Winter in Grand Canyon National Park

After an amazing morning hiking Bright Angel Trail and a mid-day siesta to avoid the hail storm that was passing through, we decided to spend our first afternoon in Grand Canyon National Park exploring Hermit Road.

Hermit Road is usually closed to personal vehicles. During peak season, you have to take one of the park shuttle buses or hike along the Rim Trail in order to access the viewpoints. An advantage of visiting the park in winter is that for a short window of time, you can drive your personal vehicle along Hermit Road and see the sights at your own pace.

When I was planning this trip, I really liked the idea of hiking the Rim Trail in one direction and riding the shuttle in the other, but that will have to wait for a future trip when the season, weather, and status of COVID-19 are different.

Our first pullover was Trailview Overlook where we not only had wonderful views of the canyon, but – surprise! – we had amazing views of Bright Angel Trail, which we had hiked that morning. In the photos below, you can see the trail winding down into the canyon, beginning with gradual switchbacks that become shorter and steeper the farther down you go.

Despite the ominous clouds, the sun would occasionally break through and illuminate the red, gold, and green colors in the canyon.

The wind was starting to pick up so we skipped Maricopa Point and only briefly stopped at Powell Point, Hopi Point, and The Abyss.

Having recently read The Emerald Mile, I had an appreciation for Powell Point and the monument honoring John Wesley Powell, one of the first non-indigenous people to journey through the canyon on the Colorado River.

Powell Point is a significant and interesting place to stop along Hermit Drive, and is actually the site where the Grand Canyon National Park was dedicated all the way back in 1920. Here, you’ll also find a statue memorializing John Wesley Powell, for whom the stop is named. Powell played an extremely important part in the discovery of the canyon, leading groundbreaking expeditions of the Colorado River in 1869 and 1872. 

Grand Canyon Visitor Center

The wind was really picking up as we wandered the path along the rim at Pima Point, one of the final stops along Hermit Road. We had only been admiring the views for a moment when the dark clouds that had been heading our way from the west were upon us.

Brian captured the storm in his photo sequence below — clouds, hail, and sweeping winds that we had to fight to get back to our car. Several cars ahead of us turned east on Hermit Drive toward the visitor centers, but we turned west and headed straight into the clouds toward our final destination, Hermit’s Rest!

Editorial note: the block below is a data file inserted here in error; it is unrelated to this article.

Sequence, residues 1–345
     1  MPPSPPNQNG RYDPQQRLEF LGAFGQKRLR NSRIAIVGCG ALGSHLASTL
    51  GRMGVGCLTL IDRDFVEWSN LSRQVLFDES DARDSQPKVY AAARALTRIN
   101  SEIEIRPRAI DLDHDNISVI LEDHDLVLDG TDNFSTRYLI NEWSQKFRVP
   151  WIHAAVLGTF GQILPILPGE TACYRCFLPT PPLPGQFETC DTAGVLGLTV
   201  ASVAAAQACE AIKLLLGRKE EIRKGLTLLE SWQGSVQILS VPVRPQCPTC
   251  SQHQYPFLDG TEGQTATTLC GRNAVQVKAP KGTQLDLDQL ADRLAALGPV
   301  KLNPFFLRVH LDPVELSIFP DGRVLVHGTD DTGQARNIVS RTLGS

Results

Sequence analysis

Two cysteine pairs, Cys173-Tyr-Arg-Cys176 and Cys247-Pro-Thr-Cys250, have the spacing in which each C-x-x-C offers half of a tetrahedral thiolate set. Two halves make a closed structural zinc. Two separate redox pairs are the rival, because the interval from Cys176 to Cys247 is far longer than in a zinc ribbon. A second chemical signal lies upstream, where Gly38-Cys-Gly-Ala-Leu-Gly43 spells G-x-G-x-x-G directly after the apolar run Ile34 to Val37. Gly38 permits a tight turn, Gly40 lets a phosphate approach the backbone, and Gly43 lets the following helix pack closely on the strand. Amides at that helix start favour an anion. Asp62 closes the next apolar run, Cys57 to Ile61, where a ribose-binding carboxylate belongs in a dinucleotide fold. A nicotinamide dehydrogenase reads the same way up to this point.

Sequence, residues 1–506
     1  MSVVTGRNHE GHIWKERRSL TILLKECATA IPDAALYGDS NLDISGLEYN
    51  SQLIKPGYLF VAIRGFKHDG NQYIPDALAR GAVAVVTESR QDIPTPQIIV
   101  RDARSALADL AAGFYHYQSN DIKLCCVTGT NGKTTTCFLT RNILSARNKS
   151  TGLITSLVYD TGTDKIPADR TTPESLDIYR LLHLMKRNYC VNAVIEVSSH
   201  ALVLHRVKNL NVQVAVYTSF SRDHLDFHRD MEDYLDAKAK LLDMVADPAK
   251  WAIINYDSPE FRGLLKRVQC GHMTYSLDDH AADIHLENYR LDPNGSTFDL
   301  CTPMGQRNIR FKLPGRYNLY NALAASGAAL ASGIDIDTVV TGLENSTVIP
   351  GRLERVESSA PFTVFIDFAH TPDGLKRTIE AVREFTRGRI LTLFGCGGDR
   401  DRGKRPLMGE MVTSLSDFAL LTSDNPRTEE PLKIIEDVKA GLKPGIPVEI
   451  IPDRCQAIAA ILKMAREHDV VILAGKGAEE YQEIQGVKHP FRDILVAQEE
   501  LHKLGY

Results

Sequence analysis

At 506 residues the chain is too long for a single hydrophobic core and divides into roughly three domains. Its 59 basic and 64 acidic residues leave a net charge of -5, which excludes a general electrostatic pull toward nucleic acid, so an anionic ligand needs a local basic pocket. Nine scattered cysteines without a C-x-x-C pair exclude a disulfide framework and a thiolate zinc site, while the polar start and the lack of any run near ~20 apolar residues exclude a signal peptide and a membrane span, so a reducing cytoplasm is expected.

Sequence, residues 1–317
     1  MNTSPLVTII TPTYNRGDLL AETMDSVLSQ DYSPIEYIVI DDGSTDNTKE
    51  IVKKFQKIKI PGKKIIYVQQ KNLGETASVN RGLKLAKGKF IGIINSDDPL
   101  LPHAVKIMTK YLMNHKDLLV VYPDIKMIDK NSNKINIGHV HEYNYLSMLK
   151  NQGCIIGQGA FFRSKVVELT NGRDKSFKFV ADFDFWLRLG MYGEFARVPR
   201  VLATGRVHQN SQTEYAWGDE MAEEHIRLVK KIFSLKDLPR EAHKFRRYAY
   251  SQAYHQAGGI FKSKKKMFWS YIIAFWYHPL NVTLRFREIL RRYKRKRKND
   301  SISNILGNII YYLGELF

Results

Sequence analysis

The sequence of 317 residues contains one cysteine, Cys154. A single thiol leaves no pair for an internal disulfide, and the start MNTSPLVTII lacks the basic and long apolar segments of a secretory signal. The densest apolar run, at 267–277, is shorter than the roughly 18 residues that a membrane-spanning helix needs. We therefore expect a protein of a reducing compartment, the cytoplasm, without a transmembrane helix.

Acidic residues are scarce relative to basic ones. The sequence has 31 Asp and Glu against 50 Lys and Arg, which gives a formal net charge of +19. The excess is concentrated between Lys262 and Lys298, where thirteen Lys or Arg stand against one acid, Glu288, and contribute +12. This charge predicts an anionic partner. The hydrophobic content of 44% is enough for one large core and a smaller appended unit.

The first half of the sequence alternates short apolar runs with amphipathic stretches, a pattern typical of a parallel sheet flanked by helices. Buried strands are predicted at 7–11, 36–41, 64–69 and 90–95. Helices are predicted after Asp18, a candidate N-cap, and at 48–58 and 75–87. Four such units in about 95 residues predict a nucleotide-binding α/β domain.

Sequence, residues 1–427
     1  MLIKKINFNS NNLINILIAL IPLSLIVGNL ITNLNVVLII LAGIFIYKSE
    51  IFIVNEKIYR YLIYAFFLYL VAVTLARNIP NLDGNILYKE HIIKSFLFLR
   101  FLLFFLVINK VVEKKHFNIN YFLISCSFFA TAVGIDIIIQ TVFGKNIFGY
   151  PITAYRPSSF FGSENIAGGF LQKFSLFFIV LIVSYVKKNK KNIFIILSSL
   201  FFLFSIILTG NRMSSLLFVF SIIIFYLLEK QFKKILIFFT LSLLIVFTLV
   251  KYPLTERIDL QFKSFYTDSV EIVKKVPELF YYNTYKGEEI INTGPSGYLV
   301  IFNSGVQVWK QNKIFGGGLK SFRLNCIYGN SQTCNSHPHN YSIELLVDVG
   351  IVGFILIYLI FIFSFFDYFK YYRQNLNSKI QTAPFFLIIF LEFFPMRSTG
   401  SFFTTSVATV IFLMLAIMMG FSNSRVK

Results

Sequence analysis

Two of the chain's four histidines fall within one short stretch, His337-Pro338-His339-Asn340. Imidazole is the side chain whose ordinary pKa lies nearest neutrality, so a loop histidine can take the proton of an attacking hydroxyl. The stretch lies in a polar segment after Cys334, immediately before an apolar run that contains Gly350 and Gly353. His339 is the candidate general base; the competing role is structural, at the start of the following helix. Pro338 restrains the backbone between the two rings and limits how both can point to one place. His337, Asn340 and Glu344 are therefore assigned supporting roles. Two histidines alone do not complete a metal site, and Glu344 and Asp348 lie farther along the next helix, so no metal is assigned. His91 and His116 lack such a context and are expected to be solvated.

We pulled into Hermit’s Rest and couldn’t see a thing! After a quick selfie at the sign, we popped inside the 1914 building for some hot chocolate before heading back toward the visitor centers and Mather Point.

The building was really neat, especially the gigantic fireplace, but much of it was closed because of COVID-19 and you could only make a one-way loop through to the concessions, which you then had to take outside to eat/drink.

We heard from others that during good weather and non-COVID time the rooms are worth exploring and the views off the porch are wonderful so I would recommend trying to get to this turnaround point if you’re able!

We warmed up in the car on our drive back to the Bright Angel area and decided to continue on to Mather Point to see if we could catch any sunset amid the storm.

Along the way we came across a small herd of elk! (FYI, apparently it’s also appropriate to refer to multiple elk as a gang.) Aside from the big horn sheep on our hike and a few mule deer near our cabin, we hadn’t seen much wildlife in the park – certainly nothing close enough to photograph well.

I was surprised to see them out in the wind and snow but I guess it was time for dinner, regardless of the elements!

Our final stop of the day was Mather Point, which we hit just in time for sunset. Apparently this is usually an extremely busy spot for people interested in seeing sunrise/sunset in the canyon. There were only a few people when we visited – clearly the weather was keeping the big crowds away!

The wind had died down and while it was cloudy and not a terribly colorful sunset, I thought the deep colors and contrasting white snow were beautiful.

We enjoyed a few last cold and windy views before climbing back into our car, heading back to our cabin, and hunkering down for the evening. A successful winter day in Grand Canyon National Park!

2 thoughts on “Winter in Grand Canyon National Park

  1. Pingback: Hiking in Arizona: Sabino Canyon – Heather's Compass

  2. Pingback: U.S. National Parks: Top Picks from 2021 – Heather's Compass

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